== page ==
CANBERRA: The Australian sharemarket has changed direction for the fourth session in a row, heading to its lowest close this year on an energy stocks drag, after that sector had lifted the market yesterday. The energy stocks move came after oil prices fell sharply overnight, having a day earlier surprised investors by holding their price against heavy Chinese sharemarket losses.
At the official 4.15pm (AEST) close, the benchmark S&P/ASX200 had fallen 91.6 points, or 1.7 per cent, to 5288.6, while the broader All Ordinaries had dipped 84.3 points, or 1.57 per cent, to 5295.5. It was the lowest price the bourse has hit in seven months. Stocks in Australia’s energy sector were led down by a 4.3 per cent decline in the US crude oil price and a 3.4 per dip in global Brent benchmark.
IG market analyst Angus Nicholson said declines had been expected today in energy and resources, they having been “some of the biggest losers on the European and US exchanges”.
“The main question for the index was how the banks fared today. Ongoing concerns about capital requirements and perhaps lending exposure to the resources and agricultural sectors seem to have impacted the banks today again, with the sector declining 1.3 per cent (prior to close),” he said.
Highlighting the oil price pain were shares in Origin Energy, which fell sharply despite the group largely meeting its earnings guidance.
“This is not entirely surprising given Origin is heavily leveraged to oil prices from its oil-linked gas prices,” Mr Nicholson said.
“With this collapse in prices, the onus is on the firm to continue to reduce net debt.” Meanwhile, the minutes of the latest US Federal Reserve policy meeting from overnight were more dovish than expected.
While most members of the policy-setting FOMC saw the conditions for a rate hike “approaching”, there were clear concerns around inflation, or lack thereof, it said.
Energy stocks ended the day 5.78 per cent lower, leading an all-sector decline. Santos fell 7.12 per cent to $5.61, while Woodside slumped 3.56 per cent to $31.69. Origin Energy was down 13.04 per cent to $8.60 after posting a loss of around $700m. Materials fell 2.09 per cent, with BHP Billiton down 3.1 per cent to $24.38 and Rio Tinto off 2.45 per cent to $49.41.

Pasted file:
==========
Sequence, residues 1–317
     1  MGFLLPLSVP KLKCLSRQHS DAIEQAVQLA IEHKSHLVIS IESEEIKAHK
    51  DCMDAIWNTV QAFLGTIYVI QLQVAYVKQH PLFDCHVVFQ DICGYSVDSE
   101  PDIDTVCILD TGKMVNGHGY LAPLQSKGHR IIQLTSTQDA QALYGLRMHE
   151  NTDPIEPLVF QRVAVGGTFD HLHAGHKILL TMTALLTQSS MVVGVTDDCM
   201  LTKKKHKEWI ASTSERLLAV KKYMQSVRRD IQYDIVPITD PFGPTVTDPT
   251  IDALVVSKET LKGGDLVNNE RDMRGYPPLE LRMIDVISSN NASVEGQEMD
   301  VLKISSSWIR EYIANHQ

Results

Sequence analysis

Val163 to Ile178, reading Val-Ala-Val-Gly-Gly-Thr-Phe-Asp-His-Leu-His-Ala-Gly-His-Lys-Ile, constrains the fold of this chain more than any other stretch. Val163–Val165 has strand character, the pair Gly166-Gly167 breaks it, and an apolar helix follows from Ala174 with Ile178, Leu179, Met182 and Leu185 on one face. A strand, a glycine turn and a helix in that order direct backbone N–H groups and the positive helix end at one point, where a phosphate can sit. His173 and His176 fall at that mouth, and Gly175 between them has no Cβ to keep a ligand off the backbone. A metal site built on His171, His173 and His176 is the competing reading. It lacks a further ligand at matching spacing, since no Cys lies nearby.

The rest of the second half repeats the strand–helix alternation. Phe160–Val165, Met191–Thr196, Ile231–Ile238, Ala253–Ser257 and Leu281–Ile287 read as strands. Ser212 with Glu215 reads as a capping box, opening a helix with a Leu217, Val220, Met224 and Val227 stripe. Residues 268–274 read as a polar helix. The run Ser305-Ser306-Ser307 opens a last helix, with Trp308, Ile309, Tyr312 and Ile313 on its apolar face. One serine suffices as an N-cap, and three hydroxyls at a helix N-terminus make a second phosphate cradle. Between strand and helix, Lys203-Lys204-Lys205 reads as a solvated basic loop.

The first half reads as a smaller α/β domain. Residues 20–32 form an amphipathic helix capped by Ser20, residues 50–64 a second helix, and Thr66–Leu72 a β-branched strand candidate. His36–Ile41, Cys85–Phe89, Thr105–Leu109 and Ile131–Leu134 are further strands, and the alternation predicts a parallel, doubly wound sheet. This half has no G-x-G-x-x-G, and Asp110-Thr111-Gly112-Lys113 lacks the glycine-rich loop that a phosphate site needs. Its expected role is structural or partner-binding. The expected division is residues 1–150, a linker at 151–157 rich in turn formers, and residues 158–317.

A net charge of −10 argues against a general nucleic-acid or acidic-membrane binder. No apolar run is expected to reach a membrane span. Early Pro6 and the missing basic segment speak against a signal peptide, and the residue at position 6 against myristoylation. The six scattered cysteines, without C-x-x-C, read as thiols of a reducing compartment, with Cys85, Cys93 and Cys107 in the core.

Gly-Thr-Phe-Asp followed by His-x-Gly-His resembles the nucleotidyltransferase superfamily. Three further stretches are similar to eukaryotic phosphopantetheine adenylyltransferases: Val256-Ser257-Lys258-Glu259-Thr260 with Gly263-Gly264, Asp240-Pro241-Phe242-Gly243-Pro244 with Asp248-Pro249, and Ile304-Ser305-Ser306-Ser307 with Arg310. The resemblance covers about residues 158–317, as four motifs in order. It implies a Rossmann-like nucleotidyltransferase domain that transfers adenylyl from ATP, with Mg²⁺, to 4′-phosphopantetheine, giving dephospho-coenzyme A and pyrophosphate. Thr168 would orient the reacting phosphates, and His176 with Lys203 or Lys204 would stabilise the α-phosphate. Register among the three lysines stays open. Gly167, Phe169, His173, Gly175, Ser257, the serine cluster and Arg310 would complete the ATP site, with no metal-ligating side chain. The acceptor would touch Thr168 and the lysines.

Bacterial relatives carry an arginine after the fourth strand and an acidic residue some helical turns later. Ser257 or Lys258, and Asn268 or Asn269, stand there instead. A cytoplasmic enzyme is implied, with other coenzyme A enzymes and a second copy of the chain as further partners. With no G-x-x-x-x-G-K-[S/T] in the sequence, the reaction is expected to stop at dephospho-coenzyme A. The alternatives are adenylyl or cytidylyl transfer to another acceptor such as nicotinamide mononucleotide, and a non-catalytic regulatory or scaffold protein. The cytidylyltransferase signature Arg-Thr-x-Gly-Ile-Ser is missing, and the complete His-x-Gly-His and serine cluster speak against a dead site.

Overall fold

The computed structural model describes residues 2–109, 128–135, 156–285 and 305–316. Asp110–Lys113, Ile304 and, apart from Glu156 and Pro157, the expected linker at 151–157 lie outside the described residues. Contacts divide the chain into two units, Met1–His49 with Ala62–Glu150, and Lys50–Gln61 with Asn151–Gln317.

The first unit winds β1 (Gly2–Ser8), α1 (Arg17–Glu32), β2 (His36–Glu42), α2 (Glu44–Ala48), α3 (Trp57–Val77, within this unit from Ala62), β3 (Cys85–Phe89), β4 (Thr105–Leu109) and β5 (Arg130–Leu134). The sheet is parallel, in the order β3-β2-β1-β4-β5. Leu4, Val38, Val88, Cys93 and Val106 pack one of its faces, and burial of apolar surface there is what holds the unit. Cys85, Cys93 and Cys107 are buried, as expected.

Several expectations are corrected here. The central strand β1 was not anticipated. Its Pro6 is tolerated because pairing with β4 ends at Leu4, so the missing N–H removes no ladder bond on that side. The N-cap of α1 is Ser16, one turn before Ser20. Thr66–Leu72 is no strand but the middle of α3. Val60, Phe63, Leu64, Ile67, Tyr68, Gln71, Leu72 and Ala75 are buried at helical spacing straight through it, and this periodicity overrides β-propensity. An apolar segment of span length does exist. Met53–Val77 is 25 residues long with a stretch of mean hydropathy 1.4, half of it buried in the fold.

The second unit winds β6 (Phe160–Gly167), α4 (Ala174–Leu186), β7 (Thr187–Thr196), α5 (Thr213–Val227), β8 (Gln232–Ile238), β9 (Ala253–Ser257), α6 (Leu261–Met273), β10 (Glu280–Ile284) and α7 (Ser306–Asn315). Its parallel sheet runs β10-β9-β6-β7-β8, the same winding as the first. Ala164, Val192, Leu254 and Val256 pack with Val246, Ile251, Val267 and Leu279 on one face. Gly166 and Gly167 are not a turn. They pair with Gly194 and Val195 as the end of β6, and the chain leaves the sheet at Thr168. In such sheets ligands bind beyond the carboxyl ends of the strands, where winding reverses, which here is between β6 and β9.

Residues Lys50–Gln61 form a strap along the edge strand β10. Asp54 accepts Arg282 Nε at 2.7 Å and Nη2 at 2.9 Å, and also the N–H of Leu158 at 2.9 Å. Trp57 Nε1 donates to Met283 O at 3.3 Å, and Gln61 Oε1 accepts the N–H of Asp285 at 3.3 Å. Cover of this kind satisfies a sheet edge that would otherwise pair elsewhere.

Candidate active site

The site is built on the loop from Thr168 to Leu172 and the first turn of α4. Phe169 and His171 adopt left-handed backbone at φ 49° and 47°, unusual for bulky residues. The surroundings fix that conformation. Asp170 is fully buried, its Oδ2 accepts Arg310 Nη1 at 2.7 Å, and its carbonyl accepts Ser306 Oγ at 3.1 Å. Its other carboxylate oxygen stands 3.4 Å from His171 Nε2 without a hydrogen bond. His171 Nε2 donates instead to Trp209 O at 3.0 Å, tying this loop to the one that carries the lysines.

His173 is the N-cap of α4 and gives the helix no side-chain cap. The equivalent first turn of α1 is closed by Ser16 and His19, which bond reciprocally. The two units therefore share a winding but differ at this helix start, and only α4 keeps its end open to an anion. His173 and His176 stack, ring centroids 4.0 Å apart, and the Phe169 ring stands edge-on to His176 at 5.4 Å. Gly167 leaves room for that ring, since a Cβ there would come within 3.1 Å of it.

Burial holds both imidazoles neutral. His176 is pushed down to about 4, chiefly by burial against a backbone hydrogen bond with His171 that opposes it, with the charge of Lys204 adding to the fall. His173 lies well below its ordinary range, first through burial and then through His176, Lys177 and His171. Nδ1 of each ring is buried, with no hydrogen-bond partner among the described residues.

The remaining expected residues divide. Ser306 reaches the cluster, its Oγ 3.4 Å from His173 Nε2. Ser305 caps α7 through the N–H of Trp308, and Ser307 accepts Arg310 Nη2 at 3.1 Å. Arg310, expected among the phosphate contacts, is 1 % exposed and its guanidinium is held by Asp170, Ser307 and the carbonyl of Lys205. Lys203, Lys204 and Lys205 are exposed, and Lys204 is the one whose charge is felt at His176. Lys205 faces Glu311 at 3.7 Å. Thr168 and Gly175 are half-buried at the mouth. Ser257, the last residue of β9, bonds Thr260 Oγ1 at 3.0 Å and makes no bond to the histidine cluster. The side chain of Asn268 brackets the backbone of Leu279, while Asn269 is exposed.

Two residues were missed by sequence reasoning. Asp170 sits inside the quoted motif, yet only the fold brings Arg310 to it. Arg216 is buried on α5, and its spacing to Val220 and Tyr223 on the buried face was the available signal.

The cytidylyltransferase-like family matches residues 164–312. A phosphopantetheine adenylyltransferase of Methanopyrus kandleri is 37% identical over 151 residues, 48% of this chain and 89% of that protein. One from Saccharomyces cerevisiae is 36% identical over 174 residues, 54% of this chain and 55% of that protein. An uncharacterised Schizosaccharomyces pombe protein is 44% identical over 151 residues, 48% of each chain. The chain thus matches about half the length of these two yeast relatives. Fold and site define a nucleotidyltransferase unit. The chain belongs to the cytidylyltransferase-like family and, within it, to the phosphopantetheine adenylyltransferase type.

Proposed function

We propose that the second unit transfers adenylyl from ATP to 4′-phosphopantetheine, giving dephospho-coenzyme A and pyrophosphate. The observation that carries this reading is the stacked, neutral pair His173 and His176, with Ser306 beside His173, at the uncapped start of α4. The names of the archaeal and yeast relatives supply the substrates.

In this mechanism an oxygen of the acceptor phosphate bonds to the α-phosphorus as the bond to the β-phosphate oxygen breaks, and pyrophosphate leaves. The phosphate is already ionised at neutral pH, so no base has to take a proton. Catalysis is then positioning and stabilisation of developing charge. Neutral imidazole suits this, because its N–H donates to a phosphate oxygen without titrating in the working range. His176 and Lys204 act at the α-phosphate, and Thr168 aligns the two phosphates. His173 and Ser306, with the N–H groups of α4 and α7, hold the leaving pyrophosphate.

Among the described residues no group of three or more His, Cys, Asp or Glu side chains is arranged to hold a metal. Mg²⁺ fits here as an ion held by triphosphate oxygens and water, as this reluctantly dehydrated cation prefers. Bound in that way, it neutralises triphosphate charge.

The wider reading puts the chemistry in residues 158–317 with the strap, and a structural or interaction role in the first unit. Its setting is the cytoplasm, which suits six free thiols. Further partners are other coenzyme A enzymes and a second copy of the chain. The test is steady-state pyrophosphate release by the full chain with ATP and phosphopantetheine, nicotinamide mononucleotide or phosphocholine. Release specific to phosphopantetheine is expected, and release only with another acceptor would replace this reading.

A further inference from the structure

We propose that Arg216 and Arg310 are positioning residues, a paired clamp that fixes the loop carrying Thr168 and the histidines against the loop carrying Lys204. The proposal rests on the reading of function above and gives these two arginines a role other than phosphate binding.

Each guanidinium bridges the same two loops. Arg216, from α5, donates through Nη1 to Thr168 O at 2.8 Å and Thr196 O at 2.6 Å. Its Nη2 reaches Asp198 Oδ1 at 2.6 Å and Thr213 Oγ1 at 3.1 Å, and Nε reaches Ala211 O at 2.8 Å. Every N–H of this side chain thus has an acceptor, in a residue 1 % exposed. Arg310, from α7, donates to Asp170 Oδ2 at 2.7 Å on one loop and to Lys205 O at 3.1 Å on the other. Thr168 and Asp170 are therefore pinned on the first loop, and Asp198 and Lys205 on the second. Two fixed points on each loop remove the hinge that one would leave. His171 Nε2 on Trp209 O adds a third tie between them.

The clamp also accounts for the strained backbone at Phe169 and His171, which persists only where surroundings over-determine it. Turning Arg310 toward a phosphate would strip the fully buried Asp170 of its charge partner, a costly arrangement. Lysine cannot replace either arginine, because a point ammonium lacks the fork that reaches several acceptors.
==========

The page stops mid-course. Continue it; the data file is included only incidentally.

Financials were 1.73 per cent softer, with the big four banks in retreat. ANZ shares shed 2.38 per cent to $29.13 while Commonwealth Bank fell 2.71 per cent to $76.15. National Australia Bank lost 1.66 per cent to $32.04 while Westpac gave up 1.56 per cent to $32.20.
AMP retreated 1.75 per cent to $6.17 after lifting its first-half profit by 33 per cent. Consumer staples shed 0.61 per cent.
Wesfarmers rallied 1.19 per cent to $40.86, after lifting its underlying profit by 8 per cent but Woolworths fell 2.46 per cent to $26.57. Meanhile, Qantas shares fell 6.12 per cent to $3.53 after the airline swung back to a full-year profit, while Telstra retreated 1.45 per cent to $6.12.
Elsewhere, Tatts fell 3.79 per cent to $3.81 despite a lift in its full-year profit. ASX rose 0.47 per cent to $42.35 after its profit and revenues were buoyed by a large number of new stock listings.
Brambles fell 2.61 per cent $10.06 after its full-year result offered a significantly softer earnings growth forecast than analysts had hoped. And APN lost 12.88 per cent to 57.5c after it suffered a significant fall in first-half profit.
Looking ahead, Santos, Coca Cola Amatil, IAG and Medibank are among the big names to report corporate earnings tomorrow while, overseas, the investors will get a look at US leading index figures and existing home sales data as well as the pivotal Philadelphia Federal Reserve business survey.